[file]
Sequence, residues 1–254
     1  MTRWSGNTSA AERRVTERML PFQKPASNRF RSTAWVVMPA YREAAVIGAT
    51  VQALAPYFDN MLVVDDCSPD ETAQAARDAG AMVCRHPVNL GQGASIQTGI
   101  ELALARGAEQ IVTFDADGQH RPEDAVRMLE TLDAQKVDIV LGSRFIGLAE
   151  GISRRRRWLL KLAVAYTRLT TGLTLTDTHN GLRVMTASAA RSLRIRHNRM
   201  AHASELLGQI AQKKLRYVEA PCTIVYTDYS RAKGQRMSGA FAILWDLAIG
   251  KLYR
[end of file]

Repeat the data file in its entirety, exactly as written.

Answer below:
Sequence, residues 1–254
     1  MTRWSGNTSA AERRVTERML PFQKPASNRF RSTAWVVMPA YREAAVIGAT
    51  VQALAPYFDN MLVVDDCSPD ETAQAARDAG AMVCRHPVNL GQGASIQTGI
   101  ELALARGAEQ IVTFDADGQH RPEDAVRMLE TLDAQKVDIV LGSRFIGLAE
   151  GISRRRRWLL KLAVAYTRLT TGLTLTDTHN GLRVMTASAA RSLRIRHNRM
   201  AHASELLGQI AQKKLRYVEA PCTIVYTDYS RAKGQRMSGA FAILWDLAIG
   251  KLYR